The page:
Delta Council fears new delay in Asian catfish inspections in works
by Ted Carter
Published: June 6,2014
Tags: agriculture, Bill LaForge, Business, catfish, China, Chip Morgan, Delta Council, Delta State University, Mississippi, pangasius, Secretary of Agriculture Tom Vilsack, Thad Cochran, U.S. Deputy Agriculture Secretary Krysta Harden, U.S. Food and Drug Administration
CLEVELAND – Delta Council officials are worried that U.S. Department of Agriculture inspections of imported catfish may be delayed two years beyond next year’s expected start of USDA inspections of domestically produced catfish.
Council officials relayed concerns over the possible inspection delays to U.S. Deputy Agriculture Secretary Krysta Harden during her visit here to deliver the keynote address to the 79th annual meeting of the Delta Council last Friday. Delta officials are especially disturbed that another delay would mark a continuation of a series of delays in an inspection mandate initially enacted in the 2008 Farm Bill.
Council officials also raised concerns about the shape rules for awarding commodity price protections will take. Secretary of Agriculture Tom Vilsack has significant latitude in designating which members of a family farming operation can receive price protections, said Chip Morgan, president & CEO of the Stoneville-based organization created to advocate for economic development in the Mississippi Delta, especially within an agriculture sector that employs 30,000 people in the 18-county region.
The catfish inspections schedule and the commodity price protections are addressed in separate titles of the 2014 Farm Bill. Rule writing for the titles has been completed and is under review by the Office of Management and Budget.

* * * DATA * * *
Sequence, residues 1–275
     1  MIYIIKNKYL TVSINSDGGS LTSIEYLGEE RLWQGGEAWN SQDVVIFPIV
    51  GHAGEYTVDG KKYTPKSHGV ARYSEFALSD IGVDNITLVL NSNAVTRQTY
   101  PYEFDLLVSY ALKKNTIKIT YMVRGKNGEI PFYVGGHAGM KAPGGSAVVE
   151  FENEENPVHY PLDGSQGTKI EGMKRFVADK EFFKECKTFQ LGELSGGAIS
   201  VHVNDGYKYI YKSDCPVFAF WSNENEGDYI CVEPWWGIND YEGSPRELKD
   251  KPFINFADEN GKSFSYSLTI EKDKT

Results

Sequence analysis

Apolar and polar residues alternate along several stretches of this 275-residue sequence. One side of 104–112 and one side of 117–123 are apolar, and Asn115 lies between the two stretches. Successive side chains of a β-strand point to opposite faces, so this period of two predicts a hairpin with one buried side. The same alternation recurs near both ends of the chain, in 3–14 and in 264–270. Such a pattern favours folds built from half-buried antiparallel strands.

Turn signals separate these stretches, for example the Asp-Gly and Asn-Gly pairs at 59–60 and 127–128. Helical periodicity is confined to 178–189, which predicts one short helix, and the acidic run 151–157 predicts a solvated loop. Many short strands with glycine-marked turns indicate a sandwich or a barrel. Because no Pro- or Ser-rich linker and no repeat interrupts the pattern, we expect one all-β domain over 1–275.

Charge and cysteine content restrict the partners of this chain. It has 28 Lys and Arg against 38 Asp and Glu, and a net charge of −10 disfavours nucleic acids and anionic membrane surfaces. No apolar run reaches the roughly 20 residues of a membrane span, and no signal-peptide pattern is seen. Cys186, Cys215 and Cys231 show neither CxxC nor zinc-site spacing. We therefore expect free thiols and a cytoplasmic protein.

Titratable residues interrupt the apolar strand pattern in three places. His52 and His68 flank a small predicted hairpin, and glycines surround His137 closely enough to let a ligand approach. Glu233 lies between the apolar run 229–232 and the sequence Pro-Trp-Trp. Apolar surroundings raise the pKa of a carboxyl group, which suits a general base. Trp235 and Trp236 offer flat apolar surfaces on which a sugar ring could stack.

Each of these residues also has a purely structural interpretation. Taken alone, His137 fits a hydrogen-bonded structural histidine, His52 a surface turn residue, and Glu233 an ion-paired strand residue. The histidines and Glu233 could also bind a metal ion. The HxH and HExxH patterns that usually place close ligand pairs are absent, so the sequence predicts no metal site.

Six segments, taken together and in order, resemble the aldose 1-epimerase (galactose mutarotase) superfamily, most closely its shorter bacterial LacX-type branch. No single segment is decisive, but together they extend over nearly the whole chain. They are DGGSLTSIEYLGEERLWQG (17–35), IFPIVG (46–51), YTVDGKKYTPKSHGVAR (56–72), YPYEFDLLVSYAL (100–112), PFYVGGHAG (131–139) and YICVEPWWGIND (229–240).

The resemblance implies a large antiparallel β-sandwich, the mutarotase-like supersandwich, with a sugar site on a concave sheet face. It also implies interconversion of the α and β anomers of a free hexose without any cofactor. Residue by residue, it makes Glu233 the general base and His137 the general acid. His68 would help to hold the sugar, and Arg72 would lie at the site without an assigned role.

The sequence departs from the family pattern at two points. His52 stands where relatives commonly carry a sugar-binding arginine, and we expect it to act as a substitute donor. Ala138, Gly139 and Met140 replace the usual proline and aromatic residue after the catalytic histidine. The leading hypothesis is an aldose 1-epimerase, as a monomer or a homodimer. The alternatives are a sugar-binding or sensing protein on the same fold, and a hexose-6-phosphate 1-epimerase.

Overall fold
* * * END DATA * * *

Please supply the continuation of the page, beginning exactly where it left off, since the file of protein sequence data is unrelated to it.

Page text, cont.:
While the form the rules will take won’t be known until the OMB releases them for public comment, Morgan said the Delta Council’s “intelligence” on the USDA catfish inspections indicates a possible delay to 2018, while inspections for catfish produced in Mississippi and elsewhere in the United States would begin undergoing the inspections at in 2016.
Morgan attributed the possible inspection delays to intensive lobbying from Vietnam and China, both exporters of huge numbers of pond-raised “pangasius” catfish. U.S. importers of Asian catfish also are exerting strong influence, Morgan said.
Justification for any disparity in the inspection timetables is a mystery, according to Morgan. But the result is hardly a mystery, he said.
“If one is going to be inspected in 2016 and other not until 2018, that means one must meet different food safety standards than the other.”
Domestic producers are eager for the inspections to start, believing that the USDA seals of approval on their products will boost their market share, Morgan said.
But the U.S. industry worries about the safety of the imported catfish and cite evidence that the imported fish are receiving antibiotics that are outlawed in the U.S.. food chain.
Still others cite high levels of contamination found in imported catfish inspected by the current inspection authority, the U.S. Food and Drug Administration.
Bottom line, Morgan said: “We want equivalent standards to be administered at the same time.”
He said the message to Deputy Secretary Harden was that without the equal treatment, “We are going to have to vigorously oppose the final rule.”
Domestic producers for years prodded Congress to transfer the job of doing the inspections from the FDA to the USDA, citing the low percentage of actual inspections compared to the volume of imports. The FDA, they argued, did not have the resources to do a thorough and effective job.
After Congress agreed to the switch in 2008, years of delays followed as various interests wrangled over the definition of the word “catfish.”
On the commodities price protections, Delta Council leaders want the rules to specify that family members eligible for the protections have an actual stake in the family farm operations.
The council position is that the protection should not go to family members who merely join in on a family conference call once a month, Morgan said.
The protections which could come into play instances of commodities dumping by foreign countries should be limited to family members with an actual stake in the farming operation, Morgan said.
“In Mississippi you have got to have land, labor or capital. That’s pretty simple to me. That means you’re at risk. The Delta Council thinks that certainly makes you eligible.”
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